Destination Guide: Coco Hill Forest, St Joseph
by Karen Rollins Sep 4, 2023
Coco Hill Forest located in the Scotland District in the parish of St Joseph is a 53-acre rainforest consisting of tropical flora and fauna including hundreds of Royal Palm trees, bamboo groves, and tree ferns.
The agro-forestry site is owned and operated by Mahmood ‘Mood’ Patel, who took 30 years to find the land and has been cultivating it with crops and fruit trees since 2013 with the aim of creating a farm-to-table operation to supply the restaurant on his property at Ocean Spray Apartments.
He told Yello: “I knew I wanted a pristine site where I could plant herbs, greens, coconut trees, cocoa and coffee.
“The initial idea was to look back in my heritage and local heritage and come up with a sustainable farming technique, paying homage to older Barbadian agricultural and Indian practices and adapting it to the location.
“But the site is constantly evolving. We currently have 48 varieties of fruit trees in the forest, along with medicinal plants and we’re also becoming a plant repository.”
Mood tapped into his agricultural heritage to turn Coco Hill into a viable project – his grandfather was a farmer – and spent hours researching various methods which he now uses at Coco Hill including permaculture, vertical farming, organic processes and terrace farming.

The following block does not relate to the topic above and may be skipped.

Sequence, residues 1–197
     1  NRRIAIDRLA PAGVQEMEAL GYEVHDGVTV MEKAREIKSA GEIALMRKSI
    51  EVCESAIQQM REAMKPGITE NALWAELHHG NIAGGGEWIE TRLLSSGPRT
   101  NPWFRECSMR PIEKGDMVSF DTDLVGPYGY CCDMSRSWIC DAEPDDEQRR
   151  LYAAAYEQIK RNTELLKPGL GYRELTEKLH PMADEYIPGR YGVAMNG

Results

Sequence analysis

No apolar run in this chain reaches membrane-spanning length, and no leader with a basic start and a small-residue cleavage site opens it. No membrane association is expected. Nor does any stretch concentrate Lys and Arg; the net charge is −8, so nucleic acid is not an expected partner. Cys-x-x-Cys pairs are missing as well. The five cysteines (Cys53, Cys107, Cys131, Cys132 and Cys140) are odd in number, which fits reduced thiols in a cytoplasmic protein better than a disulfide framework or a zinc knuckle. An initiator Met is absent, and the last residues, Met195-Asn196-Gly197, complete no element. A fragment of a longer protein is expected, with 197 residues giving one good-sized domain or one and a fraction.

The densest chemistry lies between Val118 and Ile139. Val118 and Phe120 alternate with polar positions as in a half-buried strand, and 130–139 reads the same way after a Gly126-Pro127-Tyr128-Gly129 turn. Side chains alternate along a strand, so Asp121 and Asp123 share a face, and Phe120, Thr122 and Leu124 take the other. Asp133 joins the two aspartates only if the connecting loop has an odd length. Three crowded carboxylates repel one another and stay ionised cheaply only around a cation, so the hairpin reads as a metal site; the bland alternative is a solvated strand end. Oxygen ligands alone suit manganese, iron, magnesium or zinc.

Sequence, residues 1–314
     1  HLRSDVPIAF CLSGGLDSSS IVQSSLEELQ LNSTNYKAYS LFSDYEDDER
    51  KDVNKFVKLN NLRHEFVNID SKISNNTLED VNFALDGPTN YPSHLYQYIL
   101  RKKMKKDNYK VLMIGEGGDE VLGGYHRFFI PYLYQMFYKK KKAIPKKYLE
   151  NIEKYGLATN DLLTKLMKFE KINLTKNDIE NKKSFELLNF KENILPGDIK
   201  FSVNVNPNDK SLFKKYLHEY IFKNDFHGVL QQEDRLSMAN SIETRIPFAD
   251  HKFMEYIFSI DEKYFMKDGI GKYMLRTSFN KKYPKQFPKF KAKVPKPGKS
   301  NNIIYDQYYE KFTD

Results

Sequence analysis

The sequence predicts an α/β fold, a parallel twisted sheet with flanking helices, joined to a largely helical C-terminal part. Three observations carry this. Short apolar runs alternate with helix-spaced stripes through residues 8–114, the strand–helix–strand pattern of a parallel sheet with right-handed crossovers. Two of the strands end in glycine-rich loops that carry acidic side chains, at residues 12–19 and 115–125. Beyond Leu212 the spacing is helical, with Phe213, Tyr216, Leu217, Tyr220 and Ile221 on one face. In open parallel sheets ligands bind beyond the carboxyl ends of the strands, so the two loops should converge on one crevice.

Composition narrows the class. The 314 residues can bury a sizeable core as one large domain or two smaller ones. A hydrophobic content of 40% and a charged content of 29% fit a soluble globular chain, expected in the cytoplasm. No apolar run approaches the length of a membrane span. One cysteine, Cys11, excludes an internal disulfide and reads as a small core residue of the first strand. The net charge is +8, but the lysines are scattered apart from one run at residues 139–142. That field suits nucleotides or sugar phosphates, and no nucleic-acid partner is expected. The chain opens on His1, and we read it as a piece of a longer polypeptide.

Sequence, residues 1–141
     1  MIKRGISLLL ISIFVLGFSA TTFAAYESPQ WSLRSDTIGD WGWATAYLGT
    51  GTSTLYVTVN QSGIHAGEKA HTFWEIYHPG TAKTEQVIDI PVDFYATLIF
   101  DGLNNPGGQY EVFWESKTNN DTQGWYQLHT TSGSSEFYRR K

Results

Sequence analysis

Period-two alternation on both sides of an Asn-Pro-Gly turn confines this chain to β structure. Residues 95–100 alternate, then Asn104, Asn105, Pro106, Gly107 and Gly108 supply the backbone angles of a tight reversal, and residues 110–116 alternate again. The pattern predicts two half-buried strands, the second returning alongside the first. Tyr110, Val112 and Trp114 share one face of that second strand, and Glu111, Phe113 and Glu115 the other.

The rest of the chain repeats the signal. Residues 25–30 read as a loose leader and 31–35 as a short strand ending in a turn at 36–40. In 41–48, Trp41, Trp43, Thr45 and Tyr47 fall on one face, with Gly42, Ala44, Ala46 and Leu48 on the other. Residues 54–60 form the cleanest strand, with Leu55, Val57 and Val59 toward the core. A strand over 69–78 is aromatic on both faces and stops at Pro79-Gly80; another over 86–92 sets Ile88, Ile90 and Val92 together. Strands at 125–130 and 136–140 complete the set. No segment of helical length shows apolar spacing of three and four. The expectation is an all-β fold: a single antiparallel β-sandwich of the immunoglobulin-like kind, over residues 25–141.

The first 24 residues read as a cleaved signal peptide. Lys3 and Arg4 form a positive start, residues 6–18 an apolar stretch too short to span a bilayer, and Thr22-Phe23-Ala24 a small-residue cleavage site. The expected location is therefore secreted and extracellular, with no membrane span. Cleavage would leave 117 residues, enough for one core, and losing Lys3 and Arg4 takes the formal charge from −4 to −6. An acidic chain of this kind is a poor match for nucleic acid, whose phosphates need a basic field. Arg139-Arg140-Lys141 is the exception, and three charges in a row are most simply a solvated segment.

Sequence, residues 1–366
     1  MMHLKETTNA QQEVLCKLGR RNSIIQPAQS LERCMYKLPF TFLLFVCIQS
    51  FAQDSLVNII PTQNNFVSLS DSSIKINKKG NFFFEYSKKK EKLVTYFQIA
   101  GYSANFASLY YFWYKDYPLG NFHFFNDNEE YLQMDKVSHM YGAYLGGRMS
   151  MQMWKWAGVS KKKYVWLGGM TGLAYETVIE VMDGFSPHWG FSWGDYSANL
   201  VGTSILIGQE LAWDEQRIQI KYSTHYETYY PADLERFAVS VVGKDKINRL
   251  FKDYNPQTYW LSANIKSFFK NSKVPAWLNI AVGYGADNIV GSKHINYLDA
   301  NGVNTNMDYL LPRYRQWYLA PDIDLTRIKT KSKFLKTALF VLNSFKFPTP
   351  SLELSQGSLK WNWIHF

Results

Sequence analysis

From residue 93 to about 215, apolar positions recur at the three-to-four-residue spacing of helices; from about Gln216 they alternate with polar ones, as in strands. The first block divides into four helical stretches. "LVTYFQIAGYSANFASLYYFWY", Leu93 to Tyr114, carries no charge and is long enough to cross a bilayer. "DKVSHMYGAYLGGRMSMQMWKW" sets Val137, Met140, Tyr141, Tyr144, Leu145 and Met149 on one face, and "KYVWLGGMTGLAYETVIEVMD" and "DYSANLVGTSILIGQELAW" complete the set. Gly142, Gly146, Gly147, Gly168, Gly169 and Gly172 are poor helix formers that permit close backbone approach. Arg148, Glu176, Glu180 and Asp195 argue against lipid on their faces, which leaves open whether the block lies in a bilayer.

Mood admits that he made a few mistakes in the beginning and it took about two years before he was able to use what he grows in the restaurant.
He recalls: “It’s still a learning curve but after five years I became a lot more confident about the landscape. Month by month I’m able to take something off the list so we don’t buy eggs anymore or bananas, spinach, basil, ginger, turmeric or any greens”.
The guests at Ocean Spray, who are the beneficiaries of Mood’s efforts, are said to be “appreciative” of the local produce, and he hopes that in the future the restaurant will be able to rely completely on the forest for supplies.
Meanwhile, Coco Hill is developing into a must-see tourist attraction where Mood, or his employee Romanus, are happy to take tourists and locals on a two to three-hour hike and share their passion for the island and its environment.
Mood adds: “The days of sun, sea and sand are over because people are looking for experiences.
“We’re marrying agriculture and tourism and creating a symbiotic relationship, which tourists value and respect, and the country benefits because agrotourism can create jobs and cut the food import bill.”
For more information and to book a guided hike, visit the official Coco Hill Forest website.